Other Works

An Artist in Venice

An Artist in Venice, with a foreword by Simon Winchester and a preface by Theodore Rabb, chronicles Van Doren's experience painting in that city for more than a quarter century. It includes a number of reproductions of his work, and received praise from bestselling author Stacy Schiff who writes: “A charming prose poem, effortlessly informative and sublimely illustrated.” An Artist in Venice has received a starred review from Publisher's Weekly and was recommended by the Boston Globe.

Architect and artist Van Doren offers a love letter to Venice in this elegant and slender volume, and he sings his praise to the city through majestic prose and 23 beautiful watercolor paintings of Venice. He quickly discovers, after wandering into San Giacomo di Rialto, perhaps Venice’s oldest church, that the city has one "great transformative advantage: Mediterranean light," which offers a new way of seeing the city’s architecture, the history of art, and his own painting. Van Doren praises numerous artists from whom he draws lessons as he explores the city. James Whistler captures the "sweet serenity [of Venice] with perfect pitch." He admires deeply John Singer Sargent’s watercolors of Venice that exhibit his "supreme confidence with color." Van Doren takes John Ruskin as his model, confessing that Ruskin was an "artist of architecture" whose writings convinced him that he could become a painter. In all of his paintings, he has attempts to keep in mind the lesson of one of his teachers: "Keep it simple. Don’t try to make it more complicated than it already is." Clearly, he’s learned his lesson well.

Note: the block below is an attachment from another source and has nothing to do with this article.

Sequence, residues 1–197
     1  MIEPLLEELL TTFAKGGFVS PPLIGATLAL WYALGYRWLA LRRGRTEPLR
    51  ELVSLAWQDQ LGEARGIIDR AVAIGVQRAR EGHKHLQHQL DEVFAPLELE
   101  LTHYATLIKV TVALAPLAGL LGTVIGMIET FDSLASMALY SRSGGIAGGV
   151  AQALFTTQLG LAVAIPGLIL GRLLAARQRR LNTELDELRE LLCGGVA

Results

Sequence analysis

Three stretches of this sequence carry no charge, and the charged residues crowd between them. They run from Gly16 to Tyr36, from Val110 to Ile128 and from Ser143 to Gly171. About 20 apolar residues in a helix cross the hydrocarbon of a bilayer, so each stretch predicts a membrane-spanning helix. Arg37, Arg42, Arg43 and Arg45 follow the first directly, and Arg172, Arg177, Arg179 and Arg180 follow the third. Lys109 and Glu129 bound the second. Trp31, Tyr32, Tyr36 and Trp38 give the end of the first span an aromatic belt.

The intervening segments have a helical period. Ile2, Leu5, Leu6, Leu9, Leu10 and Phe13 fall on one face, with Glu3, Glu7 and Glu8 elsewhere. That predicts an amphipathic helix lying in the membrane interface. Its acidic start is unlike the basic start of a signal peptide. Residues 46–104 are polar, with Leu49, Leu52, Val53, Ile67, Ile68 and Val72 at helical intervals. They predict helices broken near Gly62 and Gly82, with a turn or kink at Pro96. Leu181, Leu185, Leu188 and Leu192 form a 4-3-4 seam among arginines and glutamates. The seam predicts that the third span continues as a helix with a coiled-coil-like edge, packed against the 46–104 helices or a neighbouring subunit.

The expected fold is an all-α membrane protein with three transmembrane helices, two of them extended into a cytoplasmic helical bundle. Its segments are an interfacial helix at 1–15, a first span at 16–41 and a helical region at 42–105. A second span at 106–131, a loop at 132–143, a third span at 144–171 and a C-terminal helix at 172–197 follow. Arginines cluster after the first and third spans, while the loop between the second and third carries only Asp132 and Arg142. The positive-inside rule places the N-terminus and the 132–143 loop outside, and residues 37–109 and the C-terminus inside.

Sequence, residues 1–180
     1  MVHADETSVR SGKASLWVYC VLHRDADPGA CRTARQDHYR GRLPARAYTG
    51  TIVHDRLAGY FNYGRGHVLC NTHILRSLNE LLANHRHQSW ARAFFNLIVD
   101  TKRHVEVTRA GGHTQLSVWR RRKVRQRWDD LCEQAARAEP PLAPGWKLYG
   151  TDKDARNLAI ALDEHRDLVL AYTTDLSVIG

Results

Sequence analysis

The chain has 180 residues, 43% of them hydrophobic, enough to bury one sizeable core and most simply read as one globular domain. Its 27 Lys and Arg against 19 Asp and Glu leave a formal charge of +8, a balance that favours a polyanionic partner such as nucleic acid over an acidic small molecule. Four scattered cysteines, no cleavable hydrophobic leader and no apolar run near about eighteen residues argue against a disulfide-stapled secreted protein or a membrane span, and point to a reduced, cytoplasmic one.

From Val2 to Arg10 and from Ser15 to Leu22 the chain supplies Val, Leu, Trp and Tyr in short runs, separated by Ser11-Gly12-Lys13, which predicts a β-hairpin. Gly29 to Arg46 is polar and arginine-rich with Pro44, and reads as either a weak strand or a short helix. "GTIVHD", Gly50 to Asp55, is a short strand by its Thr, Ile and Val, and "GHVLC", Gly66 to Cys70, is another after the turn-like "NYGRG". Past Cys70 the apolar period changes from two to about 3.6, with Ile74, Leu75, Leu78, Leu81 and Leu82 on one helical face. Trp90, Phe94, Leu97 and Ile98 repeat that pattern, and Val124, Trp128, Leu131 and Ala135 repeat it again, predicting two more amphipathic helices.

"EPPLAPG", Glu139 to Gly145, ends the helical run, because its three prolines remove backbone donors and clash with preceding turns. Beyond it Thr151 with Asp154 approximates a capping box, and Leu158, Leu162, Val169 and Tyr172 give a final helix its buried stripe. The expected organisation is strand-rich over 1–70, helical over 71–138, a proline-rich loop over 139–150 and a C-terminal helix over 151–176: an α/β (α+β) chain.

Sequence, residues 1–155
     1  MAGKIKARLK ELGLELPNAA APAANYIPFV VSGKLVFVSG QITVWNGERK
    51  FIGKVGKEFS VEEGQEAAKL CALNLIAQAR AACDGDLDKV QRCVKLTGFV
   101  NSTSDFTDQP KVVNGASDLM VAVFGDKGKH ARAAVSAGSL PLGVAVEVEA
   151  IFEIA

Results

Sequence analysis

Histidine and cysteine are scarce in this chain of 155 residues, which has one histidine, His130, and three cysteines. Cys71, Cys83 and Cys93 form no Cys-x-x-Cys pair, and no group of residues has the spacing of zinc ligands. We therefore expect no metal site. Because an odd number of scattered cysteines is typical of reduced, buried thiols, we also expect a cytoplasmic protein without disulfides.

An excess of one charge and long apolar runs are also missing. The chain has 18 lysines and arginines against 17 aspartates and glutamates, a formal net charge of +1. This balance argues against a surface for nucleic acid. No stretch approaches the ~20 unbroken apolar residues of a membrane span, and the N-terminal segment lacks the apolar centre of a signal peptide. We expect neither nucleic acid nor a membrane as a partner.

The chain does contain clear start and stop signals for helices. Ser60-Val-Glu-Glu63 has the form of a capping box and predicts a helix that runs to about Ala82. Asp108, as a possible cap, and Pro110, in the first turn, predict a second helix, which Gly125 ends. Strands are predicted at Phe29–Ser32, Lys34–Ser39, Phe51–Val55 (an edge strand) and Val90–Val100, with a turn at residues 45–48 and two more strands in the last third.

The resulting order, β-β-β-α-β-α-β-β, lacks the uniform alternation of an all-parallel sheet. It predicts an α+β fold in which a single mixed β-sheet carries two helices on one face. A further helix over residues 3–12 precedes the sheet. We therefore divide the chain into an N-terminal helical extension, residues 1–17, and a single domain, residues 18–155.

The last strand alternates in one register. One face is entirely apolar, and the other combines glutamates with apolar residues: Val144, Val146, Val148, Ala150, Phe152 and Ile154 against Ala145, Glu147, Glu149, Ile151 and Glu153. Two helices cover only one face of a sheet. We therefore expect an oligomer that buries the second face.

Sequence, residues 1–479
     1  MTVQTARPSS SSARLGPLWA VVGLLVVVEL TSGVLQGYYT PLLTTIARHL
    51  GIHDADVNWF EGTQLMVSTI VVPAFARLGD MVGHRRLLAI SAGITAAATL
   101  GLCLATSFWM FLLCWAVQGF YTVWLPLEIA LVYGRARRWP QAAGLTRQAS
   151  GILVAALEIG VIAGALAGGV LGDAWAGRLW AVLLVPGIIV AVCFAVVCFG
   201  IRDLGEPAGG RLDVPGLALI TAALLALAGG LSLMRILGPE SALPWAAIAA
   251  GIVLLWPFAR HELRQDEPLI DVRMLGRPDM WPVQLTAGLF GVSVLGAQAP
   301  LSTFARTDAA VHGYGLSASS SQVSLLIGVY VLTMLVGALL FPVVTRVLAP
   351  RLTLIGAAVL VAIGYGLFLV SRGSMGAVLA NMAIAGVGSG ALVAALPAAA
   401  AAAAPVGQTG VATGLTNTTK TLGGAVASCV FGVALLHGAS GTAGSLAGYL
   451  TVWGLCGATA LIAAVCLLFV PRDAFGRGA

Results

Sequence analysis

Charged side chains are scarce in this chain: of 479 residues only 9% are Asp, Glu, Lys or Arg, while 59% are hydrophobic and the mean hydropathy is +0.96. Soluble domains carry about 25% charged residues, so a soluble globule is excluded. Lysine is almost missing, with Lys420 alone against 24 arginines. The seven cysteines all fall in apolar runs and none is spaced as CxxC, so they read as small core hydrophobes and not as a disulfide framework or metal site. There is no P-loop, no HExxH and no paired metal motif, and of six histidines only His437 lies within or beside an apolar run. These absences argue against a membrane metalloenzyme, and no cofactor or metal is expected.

Publishers Weekly, starred review, January 11, 2013

In his new memoir, An Artist in Venice ...[Van Doren] pulls off the not-inconsequential feat of conjuring some of the best-known views in the world with fresh eyes… [in his] painting of the Basilica San Marco… the light will resonate with anyone who has crossed the Piazza San Marco early on a summer's evening… [and] his architectural training gave him a talent for insinuating precision with the fewest possible brush strokes. Mr. Van Doren's book is much more than a monograph; it's also a lively account of living in the city and of some of his adventures while visiting more than a dozen times over the past quarter century.
The Wall Street Journal

Venice, a city that has captured the imagination of artists and writers over the centuries, made a painter out of Adam Van Doren, who arrived in 1987 to study its architecture. Van Doren, a master of light and grandson of the Pulitzer Prize-winning poet Mark Van Doren, is an amiable companion as he goes about exploring the city, sketchbook and notebook in hand. An Artist in Venice (Godine) succeeds as a memoir of discovery and a portfolio of paintings and sketches. His dreamy, richly hued works, none more than six and a half inches tall, are beautifully reproduced.
Boston Globe, "The Find," February 3, 2013

What makes An Artist in Venice exceptional is Van Doren’s paintings and his words.
–Morley Safer